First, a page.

While the U.S. shale industry seems to be picking up pace again, with 381 active rigs as of August 5, the highest number since March 18, according to Baker Hughes data, a sharp line emerges between the winning and the losing plays.
Following a 75 percent collapse in rig count from the highs reached in 2014, shale drillers are all about productivity, trying to squeeze every last bit of oil / gas from the formation. This is why they have turned their attention to the prolific Marcellus Shale formation and the Permian Basin in Texas, at the expense of less productive Eagle Ford and Bakken formations.
During Pioneer Natural Resources’ earnings conference call, COO Timothy Dove was buoyant about the Permian, saying “I’m confident the world needs the Permian. The Permian is going to be the future of the U.S. and help in world supply.”
“It’s got the best rock, obviously the best margins, and it will provide essentially the only growth long-term,” he said.
Jessica Pair, an analyst for Stratas Advisors expressed a similar sentiment when analysing the Permian in relation to West Texas Intermediate (WTI) prices.
“When the median well-level economics from 6,800 wells across the [Permian] basin is compared and ranked by vintage, the median breakevens have continuously trended downward since 2012,” she said.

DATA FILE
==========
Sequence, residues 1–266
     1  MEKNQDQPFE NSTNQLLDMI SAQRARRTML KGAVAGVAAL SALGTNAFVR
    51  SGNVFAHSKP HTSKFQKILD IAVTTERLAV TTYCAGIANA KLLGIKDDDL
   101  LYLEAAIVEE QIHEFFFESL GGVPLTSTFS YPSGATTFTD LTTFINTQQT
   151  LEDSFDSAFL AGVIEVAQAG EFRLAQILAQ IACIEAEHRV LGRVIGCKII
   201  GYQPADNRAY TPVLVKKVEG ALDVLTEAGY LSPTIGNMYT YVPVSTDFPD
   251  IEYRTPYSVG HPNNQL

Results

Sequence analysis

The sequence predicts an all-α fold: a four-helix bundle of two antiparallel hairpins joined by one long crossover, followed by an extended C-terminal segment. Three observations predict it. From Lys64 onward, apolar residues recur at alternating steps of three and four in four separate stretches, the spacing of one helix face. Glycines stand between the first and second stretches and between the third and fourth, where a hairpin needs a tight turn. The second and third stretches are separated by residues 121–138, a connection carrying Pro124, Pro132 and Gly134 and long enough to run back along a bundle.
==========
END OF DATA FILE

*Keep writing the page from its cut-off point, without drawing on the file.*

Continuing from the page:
“Currently, the median breakeven across the basin ranges from about $54/bbl to $64/bbl. When focusing on the top 25 percent of these wells by economic and production performance, the median breakeven decreases to a range of about $30/bbl to $33/bbl,” she said. “Under market conditions fluctuating between $40/bbl and $48/bbl, the top 25 percent of wells drilled within the Permian remain economic.”
The U.S. oil rig count has risen in nine of the last 10 weeks. Over that period in the Permian, drillers have steadily increased the count by 35 rigs to a total of 177. In the Williston Basin, which contains the Bakken, the rig count has fluctuated, between 22 and 27 rigs. Many analysts share the view of Timothy Dove, who considers it unlikely that production in the Bakken and Eagle Ford will ever get back to the pre-downturn levels.
Some say that even in the more prolific formations, the rig count increase might not last. According to recent data released by the U.S. Energy Information Agency (EIA) prices need to climb nearer to $60 a barrel for U.S. producers to have a “substantial” boost in activity. Currently, oil prices have slipped back from the highs of $50 per barrel in June, dipping to $39 a barrel before rebounding to above $41.
CNBC quotes Guggenheim Securities who say that the announcements by drillers thus far suggest a roughly 16-percent increase in rig activity by the end of the year. Analysts at Simmons said drillers could scrap some of the rig additions planned for the fourth quarter if oil prices continue to slide from June’s peak.
“The tenor of Q2 earnings calls have followed the descent in oil prices (and stock prices) — the earlier calls extolled more buoyant outlooks while the more recent ones have endorsed more defensive ones,” Simmons wrote.
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